Was the immigration era (1900s) benefitial to America or not? United States would never become what it is today if it was not for immigrants all over the world

731 words - 3 pages At the end of the nineteenth century, a word got out on how great things were in America. The New World was often referred to as "a land of honey where all the streets were paved with gold" (The Immigrant song) and had a welcome slogan of "Give Me Your Tired, Your Poor; Your Huddled Masses Yearning to Breathe Free" (Emma Lazarus). Soon enough, millions of people were coming to see for themselves. Many left their homelands in a search of a

Similar Essays

The Stand Of The Confederate States Of America

1579 words - 6 pages The enormous impact of the Civil War on our nation willprobably never be determined, but would never have been possiblewithout the stand of the Confederate States of America. 'Theindependence of the Confederate States commenced by the withdrawalof the State of South Carolina from the Union of the United States.The ordinance of secession was passed on December 20, 1860 by aunanimous vote. The withdrawal of South Carolina from the Unionwas

Was The United States Justified In Declaring War On Spain In 1898

1056 words - 4 pages Was the United States justified in declaring war in 1898? For: ● Monroe doctrine dictates US intervenes ● be rid of european power → expansion ● spanish detrimental to american trade to caribbean → would get rid of them (commercial interests) ● america rose as a world power ○ sphere of influence ● positive example of jingoism, popular war ● relatively inexpensive ● few casualties ●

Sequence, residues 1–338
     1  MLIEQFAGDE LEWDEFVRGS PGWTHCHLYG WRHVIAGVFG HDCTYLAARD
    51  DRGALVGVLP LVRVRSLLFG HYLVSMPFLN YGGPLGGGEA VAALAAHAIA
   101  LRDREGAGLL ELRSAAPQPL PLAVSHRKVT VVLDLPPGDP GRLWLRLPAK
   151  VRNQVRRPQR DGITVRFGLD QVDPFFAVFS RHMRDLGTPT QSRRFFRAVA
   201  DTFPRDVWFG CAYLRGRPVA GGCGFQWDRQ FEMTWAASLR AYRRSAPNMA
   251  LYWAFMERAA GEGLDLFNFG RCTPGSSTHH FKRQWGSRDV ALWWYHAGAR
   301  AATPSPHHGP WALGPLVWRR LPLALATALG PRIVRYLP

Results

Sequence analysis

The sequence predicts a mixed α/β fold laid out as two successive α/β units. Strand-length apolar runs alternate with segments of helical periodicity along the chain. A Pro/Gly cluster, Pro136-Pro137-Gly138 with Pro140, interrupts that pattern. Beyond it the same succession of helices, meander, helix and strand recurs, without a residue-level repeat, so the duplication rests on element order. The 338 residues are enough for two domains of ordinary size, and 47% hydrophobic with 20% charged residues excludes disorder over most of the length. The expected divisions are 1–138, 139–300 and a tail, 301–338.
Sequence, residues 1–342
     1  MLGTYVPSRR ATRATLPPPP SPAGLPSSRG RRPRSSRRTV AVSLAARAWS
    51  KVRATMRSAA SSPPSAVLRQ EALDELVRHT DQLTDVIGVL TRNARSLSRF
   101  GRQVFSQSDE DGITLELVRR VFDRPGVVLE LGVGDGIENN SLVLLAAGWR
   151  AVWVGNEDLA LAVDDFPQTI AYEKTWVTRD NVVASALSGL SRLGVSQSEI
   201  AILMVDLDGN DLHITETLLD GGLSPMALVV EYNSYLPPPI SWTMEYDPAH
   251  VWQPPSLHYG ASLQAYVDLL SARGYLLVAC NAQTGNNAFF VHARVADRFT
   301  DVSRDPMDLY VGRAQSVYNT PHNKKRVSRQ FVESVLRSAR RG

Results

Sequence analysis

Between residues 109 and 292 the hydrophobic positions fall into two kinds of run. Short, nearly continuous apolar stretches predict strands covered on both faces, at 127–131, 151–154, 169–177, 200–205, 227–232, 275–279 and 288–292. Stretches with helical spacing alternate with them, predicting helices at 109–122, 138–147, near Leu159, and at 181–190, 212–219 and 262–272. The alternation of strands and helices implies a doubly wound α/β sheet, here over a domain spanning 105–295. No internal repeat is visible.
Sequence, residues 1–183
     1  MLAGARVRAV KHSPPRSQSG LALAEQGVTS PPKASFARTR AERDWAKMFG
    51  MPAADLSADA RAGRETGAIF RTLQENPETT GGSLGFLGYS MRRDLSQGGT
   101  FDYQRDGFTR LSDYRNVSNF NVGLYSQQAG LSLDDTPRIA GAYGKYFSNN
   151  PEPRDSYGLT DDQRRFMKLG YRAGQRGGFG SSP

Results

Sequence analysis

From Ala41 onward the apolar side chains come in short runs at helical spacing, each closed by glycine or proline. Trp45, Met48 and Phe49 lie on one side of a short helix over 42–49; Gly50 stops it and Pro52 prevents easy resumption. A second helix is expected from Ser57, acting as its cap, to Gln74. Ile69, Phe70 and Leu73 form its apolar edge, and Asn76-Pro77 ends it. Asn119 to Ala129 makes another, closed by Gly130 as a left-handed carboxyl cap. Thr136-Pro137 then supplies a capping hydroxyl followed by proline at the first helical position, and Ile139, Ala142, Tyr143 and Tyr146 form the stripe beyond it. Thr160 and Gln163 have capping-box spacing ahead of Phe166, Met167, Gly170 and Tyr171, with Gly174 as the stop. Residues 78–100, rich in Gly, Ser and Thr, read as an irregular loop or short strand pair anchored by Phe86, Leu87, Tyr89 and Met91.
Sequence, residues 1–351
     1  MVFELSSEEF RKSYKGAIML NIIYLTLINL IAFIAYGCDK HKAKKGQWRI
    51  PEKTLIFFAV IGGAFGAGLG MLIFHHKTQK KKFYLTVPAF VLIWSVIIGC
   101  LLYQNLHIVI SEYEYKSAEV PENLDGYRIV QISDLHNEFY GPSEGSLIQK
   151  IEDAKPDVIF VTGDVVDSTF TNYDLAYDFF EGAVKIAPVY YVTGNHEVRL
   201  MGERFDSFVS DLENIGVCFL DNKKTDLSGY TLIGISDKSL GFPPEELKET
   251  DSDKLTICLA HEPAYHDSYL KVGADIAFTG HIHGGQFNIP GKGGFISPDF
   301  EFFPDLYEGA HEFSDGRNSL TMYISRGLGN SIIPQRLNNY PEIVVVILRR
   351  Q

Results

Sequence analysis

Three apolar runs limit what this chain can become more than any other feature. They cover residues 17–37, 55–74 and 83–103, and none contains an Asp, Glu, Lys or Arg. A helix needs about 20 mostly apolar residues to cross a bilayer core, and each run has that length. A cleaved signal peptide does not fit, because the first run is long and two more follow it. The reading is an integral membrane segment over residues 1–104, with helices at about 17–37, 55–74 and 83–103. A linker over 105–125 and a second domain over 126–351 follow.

The United States Is Morally Justified In Legislating Morals For The Purpose Of Creating A Safer More Socially Aware America

794 words - 3 pages The United States is morally justified in legislating morals for the purpose of creating a safer more socially aware America.Franklin D. Roosevelt's New Deal programs for relief and work projects were beneficial to America's economic collapse while helping the nation as a whole. Before these programs, however, the nation was not looking so good. On October 24th 1929 a day known as "Black Thursday" came. The stock market crashed and so did the

The Cause Of The Endless Wars Against The United States Of America

1873 words - 7 pages their leaders adopting Western signs of wealth: suits, cars, and education in the west-mainly Britain.  This type of environment fueled hatred of America, because it was the model these leaders were following and they eventually became allies with the United States.  So, it is possible that this hatred must be one of the causes of recent attacks. Furthermore, these wealthy dictators left their people behind in bringing real freedoms of